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# find the midpoint of the line segment with the given endpoints

(6, 10), (-8, 5)

Pretend the segment joins the bottom left with the top right of this figure. The entire x distance (left to right) can be split into two parts--the horizontal lines of the top triangle and the bottom triangle.  The total change in y is split over the two vertical lines in the figure below. The hypotenuses of these triangles are the same length because their sides are the same length. So the top right hypotenuse is equal to the bottom left hypotenuse making the point where the triangles touch the midpoint of the segment.
x
,     l
,          l  <- change in y / 2
,              l
,                  l
x --------------
,   l      ^ change in x / 2
,       l
,           l   <- change in y / 2
,               l
x--------------
^ change in x / 2

Vertical change:
The total change in Y is 10-5 = 5. The change in y / 2 = 5/2 = 2.5
Added to the lowest value (or sutracted from the high value is 10-2.5 = 5+2.5 = 7.5. This is the new Y value of the midpoint.

Horizontal Change:
The total change in x is 6 - -8 = 14. The total change in x / 2 = 14/2 = 7.
When added to the lower value or subtracted from the higher value we get our new x value at the midpoint of -8 + 7 = 6 - 7 = -1.

Our segment has a midpoint of (-1, 7.5).

It's important to note that this process is similar to taking the average of x values and y values to find the midpoint--but will work for finding a point anywhere along the line segment. To find the point one third of the way from one end to the other (divide by 3 instead of by 2), or one fourth of the way (divide by 4) etc. Taking the average is the shortcut that helps you find only the midpoint.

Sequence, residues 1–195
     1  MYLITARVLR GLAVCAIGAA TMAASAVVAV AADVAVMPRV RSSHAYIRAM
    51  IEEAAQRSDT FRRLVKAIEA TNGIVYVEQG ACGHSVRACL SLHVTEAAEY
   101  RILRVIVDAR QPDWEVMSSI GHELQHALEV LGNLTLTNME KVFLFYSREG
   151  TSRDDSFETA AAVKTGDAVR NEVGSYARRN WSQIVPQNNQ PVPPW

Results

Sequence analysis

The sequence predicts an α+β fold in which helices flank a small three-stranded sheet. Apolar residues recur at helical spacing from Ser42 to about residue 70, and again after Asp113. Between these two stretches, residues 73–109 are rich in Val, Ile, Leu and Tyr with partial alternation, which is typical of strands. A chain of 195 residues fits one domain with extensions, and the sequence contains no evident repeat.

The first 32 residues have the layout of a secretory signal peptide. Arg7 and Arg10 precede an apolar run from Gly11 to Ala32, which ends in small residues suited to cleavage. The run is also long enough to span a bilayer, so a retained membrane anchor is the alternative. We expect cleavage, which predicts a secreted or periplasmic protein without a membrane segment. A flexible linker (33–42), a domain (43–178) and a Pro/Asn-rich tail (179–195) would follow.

**Clarification:
To clarify the above description, what I meant to say is that
the average works only to find the midpoint. If you want to find points other than the midpoint you need to use the change in x / 2 added to the lower or subtracted from the higher value of x but instead of taking the halfway point (dividing by 2) you would need to use a different fraction: 1/3 or dividing by 3 for a point one third of the way... Apparently there were points of confusion, sorry.

Let’s say I wanted x1 + 1/3(x2-x1), i.e., 1/3 of the way between x1 and x2.

x1 + 1/3(x2-x1) =
x1 - 1/3 x1 + 1/3 x2 =
2/3 x1 + 1/3 x2

which is NOT EQUAL to (x1 + x2)/3

Trying a general case:

x1 + (a/b)(x2-x1) =? (a/b)(x1 + x2)

x1 - (a/b) x1 + (a/b) x2 =? (a/b) x1 + (a/b) x2

(1 - (a/b)) x1 + (a/b) x2 ≠ (a/b) x1 + (a/b) x2

For 1 - a/b = a/b

1 = 2 (a/b)

a/b = 1/2

So ONLY 1/2 WORKS!
However, Tiffany's PROCESS works because she's finding x1 + 1/3(x2-x1) and y1 + 1/3(y2-y1).
Thank you for such an elegant proof of what I stated. :)